Swiss government declares that coffee is not essential for survival

At their own peril, the Swiss government has decided that coffee is "not essential" for human survival. After World War I, Switzerland built an emergency reserve of human necessities for use in the event of war, disease, or other catastrophic events. They've now declared that the emergency food supply doesn't need to include coffee. From BBC News:

It currently has 15,300 tonnes saved up - that's enough to last the country three months.

"Coffee contains almost no calories and therefore does not contribute, from the physiological perspective, to safeguarding nutrition," the Federal Office for National Economic Supply said (in German).

image: Julius Schorzman/CC BY-SA 2.0 Read the rest

A critical flaw in Switzerland's e-voting system is a microcosm of everything wrong with e-voting, security practice, and auditing firms

Switzerland is about to have a national election with electronic voting, overseen by Swiss Post; e-voting is a terrible idea and the general consensus among security experts who don't work for e-voting vendors is that it shouldn't be attempted, but if you put out an RFP for magic beans, someone will always show up to sell you magic beans, whether or not magic beans exist. Read the rest

France fines UBS €3.7b for helping rich French residents launder more than €10b

Swiss banking giant UBS has been hit with the largest fine in French history: €3.7b, the result of a 7-year investigation of the bank's role in helping the wealthiest French citizens hide €10b from tax authorities. The fine is more than ten times larger than the next-largest fine in French history, when HSBC paid €300m over its wrongdoing. The fine represents 92% of the bank's 2018 profits. Read the rest

Trump White House cancels Davos trip for World Economic Forum

The planned delegation included Pompeo and Mnuchin.

White House press secretary Sarah Sanders says the Trump administration has canceled a planned trip to Davos, Switzerland, for the World Economic Forum. The announcement was made today, Thursday, the 27th day of Trump's partial government shutdown. Read the rest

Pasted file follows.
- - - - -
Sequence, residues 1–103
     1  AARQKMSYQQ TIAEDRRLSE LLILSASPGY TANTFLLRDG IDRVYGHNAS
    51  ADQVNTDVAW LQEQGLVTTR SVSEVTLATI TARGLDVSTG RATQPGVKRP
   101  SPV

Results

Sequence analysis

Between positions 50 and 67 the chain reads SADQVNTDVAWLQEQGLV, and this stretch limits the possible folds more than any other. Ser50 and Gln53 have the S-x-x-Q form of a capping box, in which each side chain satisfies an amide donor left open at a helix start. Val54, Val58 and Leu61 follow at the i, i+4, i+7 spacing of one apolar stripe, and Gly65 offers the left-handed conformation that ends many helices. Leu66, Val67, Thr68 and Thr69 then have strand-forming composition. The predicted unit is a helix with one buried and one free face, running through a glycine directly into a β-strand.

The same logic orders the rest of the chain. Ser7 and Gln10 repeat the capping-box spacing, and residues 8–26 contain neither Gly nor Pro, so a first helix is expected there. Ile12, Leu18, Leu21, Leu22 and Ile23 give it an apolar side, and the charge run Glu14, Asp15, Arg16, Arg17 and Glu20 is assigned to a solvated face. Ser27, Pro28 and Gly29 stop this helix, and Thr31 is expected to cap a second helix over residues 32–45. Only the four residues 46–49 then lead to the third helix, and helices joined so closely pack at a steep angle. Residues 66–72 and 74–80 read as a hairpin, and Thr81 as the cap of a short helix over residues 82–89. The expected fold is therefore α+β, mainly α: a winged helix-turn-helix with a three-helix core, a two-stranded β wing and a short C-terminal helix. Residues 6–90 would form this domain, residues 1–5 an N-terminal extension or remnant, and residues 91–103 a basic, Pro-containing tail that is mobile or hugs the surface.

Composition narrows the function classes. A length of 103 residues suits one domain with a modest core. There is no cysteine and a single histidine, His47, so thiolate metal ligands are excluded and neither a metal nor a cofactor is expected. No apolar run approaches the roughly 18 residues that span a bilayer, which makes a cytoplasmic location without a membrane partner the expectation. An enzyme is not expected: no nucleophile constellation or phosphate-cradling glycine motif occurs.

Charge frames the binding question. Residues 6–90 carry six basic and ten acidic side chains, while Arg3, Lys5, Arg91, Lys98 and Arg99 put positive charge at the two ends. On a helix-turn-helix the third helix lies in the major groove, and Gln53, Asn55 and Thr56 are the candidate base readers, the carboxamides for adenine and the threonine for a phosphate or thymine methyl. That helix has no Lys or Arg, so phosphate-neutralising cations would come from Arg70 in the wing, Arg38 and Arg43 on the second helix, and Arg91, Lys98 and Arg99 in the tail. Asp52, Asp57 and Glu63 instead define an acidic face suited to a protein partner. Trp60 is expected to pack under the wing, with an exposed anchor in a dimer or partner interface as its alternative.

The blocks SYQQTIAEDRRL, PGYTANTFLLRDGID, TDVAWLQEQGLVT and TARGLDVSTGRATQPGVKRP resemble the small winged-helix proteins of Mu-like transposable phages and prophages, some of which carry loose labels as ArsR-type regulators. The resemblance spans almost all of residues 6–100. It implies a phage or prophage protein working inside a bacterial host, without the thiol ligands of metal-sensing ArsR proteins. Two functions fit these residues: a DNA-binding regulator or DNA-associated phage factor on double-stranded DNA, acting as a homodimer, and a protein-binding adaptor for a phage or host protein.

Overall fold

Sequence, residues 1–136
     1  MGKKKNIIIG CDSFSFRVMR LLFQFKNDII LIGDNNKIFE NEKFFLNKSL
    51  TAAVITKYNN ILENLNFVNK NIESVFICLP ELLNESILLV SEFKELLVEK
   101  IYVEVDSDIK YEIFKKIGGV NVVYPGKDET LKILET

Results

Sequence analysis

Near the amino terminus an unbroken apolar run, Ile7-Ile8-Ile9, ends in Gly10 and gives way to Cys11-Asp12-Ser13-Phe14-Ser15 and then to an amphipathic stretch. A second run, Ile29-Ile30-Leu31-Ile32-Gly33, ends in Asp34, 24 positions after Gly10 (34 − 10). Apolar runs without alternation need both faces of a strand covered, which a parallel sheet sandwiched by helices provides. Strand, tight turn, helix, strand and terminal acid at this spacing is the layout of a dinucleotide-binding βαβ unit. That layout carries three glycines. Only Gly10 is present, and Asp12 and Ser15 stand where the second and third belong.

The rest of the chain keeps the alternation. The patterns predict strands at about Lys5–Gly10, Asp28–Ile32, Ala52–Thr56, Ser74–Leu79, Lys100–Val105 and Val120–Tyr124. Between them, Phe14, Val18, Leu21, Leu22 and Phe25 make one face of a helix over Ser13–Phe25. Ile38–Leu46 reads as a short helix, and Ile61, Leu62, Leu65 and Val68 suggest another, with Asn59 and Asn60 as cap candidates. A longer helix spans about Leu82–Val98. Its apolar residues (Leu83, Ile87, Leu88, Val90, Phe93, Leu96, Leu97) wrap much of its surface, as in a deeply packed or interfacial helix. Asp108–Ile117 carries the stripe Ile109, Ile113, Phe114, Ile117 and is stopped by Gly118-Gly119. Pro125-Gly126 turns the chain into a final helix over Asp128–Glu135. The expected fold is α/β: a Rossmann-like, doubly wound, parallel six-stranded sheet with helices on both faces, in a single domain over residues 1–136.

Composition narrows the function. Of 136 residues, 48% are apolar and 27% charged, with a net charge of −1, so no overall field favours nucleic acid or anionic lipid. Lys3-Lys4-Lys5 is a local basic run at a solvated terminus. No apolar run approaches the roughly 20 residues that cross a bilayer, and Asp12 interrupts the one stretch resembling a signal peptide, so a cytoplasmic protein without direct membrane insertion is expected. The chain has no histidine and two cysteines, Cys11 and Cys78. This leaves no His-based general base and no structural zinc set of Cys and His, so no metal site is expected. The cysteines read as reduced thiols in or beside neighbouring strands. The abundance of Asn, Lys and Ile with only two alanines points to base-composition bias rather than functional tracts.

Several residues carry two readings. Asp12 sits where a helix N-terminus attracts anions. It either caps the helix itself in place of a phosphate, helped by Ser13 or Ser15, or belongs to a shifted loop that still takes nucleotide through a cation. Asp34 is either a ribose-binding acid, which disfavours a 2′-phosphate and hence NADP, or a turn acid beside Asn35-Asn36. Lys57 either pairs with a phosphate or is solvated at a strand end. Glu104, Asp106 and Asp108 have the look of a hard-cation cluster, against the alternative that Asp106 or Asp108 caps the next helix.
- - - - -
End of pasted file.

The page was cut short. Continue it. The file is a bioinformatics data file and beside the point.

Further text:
Insane mudslide caught on video in Switzerland

Mudslides cascading down from the steep Swiss mountains are common enough that locals knew to come out and watch them, but even jaded locals were surprised by the intensity of slides so big they didn't fit under the bridges. Read the rest

Hatred of cowbells is grounds for denial of Swiss passports

Nancy Holten moved to Switzerland 34 years ago as a child, but she's just been denied a Swiss passport because her campaign to end the tradition of Swiss cowbells is "too annoying." Read the rest

Survey: 23 percent of Zurich doctors prescribe homeopathy, but many of them believe it to be a placebo

A survey of 1,500 Zurich canton doctors reported in the Swiss Medical Weekly found that out of the respondents, 23% had prescribed homeopathic "remedies" but only 42% actually believe in homeopathy (a discredited medieval quack remedy that involves giving water to patients that is supposed to "remember" having been in contact with molecules of allegedly helpful compounds that have been diluted out of the dose); 35% of the rest prescribe on the basis that the placebo effect might help their patients. Read the rest

Watch this robotic eel swim about measuring water pollution